HMRC’s disclosure campaigns have been highly successful at generating new revenues, but what effect are they having on the profession? asks Robert James Partnership’s Anne Eager.
A quick tally up of the figures published in their August campaign update suggests they have netted £495bn with an additional £101m expected to follow.
HMRC has been tasked with collecting more revenue and it’s good that these schemes are working, but there are other sources of income for the Treasury that HMRC is pursuing which could have a costly knock on effect for advisers. A good example of this is the introduction of the business record keeping check with its emphasis on the requirement to keep records of an adequate standard.
Although the responsibility is on a business to comply, as advisers, we will need to spend a greater amount of time feeding back and educating clients to improve the way they do things. If we don’t point out their deficiencies and the potential risks involved there is a school of thought that clients may have a case for taking action against us; at the very least if HMRC identify an issue and attempt to charge a penalty, many clients will query why this is the first they have heard of the problem. However all this takes time, and may not be billable. Time is how we make our money and with client budgets already so stretched to cover existing fees, this makes the situation worse.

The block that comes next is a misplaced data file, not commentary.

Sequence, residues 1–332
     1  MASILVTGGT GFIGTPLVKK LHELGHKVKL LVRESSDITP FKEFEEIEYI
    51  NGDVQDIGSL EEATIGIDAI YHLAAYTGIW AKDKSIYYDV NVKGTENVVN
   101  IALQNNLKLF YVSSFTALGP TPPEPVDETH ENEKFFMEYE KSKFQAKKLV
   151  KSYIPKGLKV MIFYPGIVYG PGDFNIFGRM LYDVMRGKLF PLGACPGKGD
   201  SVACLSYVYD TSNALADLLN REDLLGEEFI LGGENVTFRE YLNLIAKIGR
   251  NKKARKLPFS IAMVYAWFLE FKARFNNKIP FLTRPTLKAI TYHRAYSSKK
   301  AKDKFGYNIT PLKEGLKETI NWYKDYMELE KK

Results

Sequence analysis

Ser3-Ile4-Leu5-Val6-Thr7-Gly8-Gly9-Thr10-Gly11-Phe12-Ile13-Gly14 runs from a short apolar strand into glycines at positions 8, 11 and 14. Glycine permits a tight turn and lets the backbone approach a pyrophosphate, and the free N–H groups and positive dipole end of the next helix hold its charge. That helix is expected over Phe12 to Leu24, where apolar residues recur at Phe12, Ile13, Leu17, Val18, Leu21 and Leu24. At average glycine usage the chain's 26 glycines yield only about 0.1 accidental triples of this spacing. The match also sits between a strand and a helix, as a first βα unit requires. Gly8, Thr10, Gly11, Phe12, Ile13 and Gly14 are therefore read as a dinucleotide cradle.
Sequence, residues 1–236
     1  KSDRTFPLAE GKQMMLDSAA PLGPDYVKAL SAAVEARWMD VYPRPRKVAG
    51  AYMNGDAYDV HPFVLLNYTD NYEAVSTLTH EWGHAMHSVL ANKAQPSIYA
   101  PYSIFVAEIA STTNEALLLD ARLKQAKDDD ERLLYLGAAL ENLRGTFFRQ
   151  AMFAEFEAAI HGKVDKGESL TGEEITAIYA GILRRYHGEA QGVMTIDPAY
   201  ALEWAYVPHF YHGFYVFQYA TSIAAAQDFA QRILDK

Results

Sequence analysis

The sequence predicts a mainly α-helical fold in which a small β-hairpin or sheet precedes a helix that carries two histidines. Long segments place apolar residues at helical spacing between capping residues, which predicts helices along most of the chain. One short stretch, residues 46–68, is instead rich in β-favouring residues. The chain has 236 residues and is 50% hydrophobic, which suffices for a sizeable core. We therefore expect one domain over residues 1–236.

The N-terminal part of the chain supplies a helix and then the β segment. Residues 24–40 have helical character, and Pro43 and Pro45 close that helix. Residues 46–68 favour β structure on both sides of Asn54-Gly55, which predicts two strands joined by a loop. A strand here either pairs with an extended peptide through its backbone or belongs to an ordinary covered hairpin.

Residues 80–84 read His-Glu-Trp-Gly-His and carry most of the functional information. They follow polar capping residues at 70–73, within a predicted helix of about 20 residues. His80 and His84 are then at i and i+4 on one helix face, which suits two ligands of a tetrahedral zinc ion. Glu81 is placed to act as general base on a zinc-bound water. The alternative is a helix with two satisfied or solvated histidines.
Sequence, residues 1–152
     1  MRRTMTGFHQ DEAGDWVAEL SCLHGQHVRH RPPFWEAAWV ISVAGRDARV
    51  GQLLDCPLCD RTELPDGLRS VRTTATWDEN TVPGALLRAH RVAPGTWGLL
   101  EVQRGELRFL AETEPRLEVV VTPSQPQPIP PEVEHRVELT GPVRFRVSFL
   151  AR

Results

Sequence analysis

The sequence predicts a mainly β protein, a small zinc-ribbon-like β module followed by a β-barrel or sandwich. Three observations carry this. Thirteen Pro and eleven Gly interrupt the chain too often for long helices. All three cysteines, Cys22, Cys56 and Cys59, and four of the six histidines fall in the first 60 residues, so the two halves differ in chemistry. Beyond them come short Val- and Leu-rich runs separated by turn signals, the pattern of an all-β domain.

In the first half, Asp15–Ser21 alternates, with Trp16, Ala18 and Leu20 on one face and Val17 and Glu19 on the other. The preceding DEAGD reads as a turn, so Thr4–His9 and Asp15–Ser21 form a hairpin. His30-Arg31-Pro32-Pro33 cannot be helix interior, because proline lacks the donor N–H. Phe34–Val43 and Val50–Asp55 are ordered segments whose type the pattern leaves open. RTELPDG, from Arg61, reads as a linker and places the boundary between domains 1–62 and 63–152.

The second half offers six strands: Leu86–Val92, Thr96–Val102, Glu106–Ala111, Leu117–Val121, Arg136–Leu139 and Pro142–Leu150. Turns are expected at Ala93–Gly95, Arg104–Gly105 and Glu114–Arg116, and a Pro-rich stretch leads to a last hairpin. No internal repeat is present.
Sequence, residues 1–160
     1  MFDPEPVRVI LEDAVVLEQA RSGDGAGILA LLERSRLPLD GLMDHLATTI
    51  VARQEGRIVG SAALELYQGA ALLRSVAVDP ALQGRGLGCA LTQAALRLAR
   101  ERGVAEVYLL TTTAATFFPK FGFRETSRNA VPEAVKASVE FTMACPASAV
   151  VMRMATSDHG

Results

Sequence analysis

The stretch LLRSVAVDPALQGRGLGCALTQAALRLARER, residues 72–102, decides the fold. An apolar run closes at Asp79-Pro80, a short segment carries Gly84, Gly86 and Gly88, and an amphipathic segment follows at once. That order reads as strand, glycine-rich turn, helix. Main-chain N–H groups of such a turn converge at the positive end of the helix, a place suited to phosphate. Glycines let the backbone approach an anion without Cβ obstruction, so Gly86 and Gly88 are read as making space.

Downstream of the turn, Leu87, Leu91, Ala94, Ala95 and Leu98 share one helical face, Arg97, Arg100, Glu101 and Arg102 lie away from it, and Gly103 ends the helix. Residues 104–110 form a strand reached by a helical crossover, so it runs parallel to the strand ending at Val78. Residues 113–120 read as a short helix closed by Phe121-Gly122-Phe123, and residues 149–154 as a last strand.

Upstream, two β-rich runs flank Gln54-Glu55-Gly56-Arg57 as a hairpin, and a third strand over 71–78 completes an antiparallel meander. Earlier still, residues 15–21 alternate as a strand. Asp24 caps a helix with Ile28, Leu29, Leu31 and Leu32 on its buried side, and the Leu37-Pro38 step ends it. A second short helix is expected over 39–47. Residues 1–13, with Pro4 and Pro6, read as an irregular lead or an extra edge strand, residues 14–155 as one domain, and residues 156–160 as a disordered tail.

Potentially it could create a divide within the profession between the firms who go the extra mile to proactively support and educate clients about compliance and the ones who do what is required for their fee, and no more. Certain campaigns are targeting smaller businesses and start ups – which of course are those most likely to be at risk of non-compliance. These are the clients who do not have resources (financial or personnel) to look after these matters and who therefore rely on their accountants for such support. And let’s be honest, these are the clients least able to pay fees which are commensurate with the level of support required.
As someone who specialises in enquiries, I can see the fallout fast approaching. We are still in the early stages of the effects of HMRC wielding their new powers and applying higher penalties. In the light of various recent consultations into topics such as the record keeping requirements and more recently HMRC’s ‘Relationship with the Tax Agent Community’ I can’t help but feel that we have a long and rocky road ahead.
Anne Eager is enquiries manager at Surrey accountants Robert James Partnership (RJP).